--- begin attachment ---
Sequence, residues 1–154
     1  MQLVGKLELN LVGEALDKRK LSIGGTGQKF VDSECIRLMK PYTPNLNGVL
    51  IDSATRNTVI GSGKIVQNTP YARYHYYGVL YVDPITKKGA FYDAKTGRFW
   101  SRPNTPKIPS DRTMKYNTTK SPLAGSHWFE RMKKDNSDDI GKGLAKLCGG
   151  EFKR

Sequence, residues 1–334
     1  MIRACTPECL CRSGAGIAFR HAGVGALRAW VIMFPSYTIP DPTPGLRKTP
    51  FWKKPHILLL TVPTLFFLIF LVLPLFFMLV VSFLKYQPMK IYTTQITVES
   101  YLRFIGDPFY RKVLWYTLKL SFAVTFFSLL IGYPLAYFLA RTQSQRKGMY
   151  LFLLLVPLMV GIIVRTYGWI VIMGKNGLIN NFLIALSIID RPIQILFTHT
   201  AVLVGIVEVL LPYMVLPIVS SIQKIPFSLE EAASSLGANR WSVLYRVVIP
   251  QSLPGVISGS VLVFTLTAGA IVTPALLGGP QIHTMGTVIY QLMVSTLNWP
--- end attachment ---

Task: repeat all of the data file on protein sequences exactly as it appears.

Sequence, residues 1–154
     1  MQLVGKLELN LVGEALDKRK LSIGGTGQKF VDSECIRLMK PYTPNLNGVL
    51  IDSATRNTVI GSGKIVQNTP YARYHYYGVL YVDPITKKGA FYDAKTGRFW
   101  SRPNTPKIPS DRTMKYNTTK SPLAGSHWFE RMKKDNSDDI GKGLAKLCGG
   151  EFKR

Sequence, residues 1–334
     1  MIRACTPECL CRSGAGIAFR HAGVGALRAW VIMFPSYTIP DPTPGLRKTP
    51  FWKKPHILLL TVPTLFFLIF LVLPLFFMLV VSFLKYQPMK IYTTQITVES
   101  YLRFIGDPFY RKVLWYTLKL SFAVTFFSLL IGYPLAYFLA RTQSQRKGMY
   151  LFLLLVPLMV GIIVRTYGWI VIMGKNGLIN NFLIALSIID RPIQILFTHT
   201  AVLVGIVEVL LPYMVLPIVS SIQKIPFSLE EAASSLGANR WSVLYRVVIP
   251  QSLPGVISGS VLVFTLTAGA IVTPALLGGP QIHTMGTVIY QLMVSTLNWP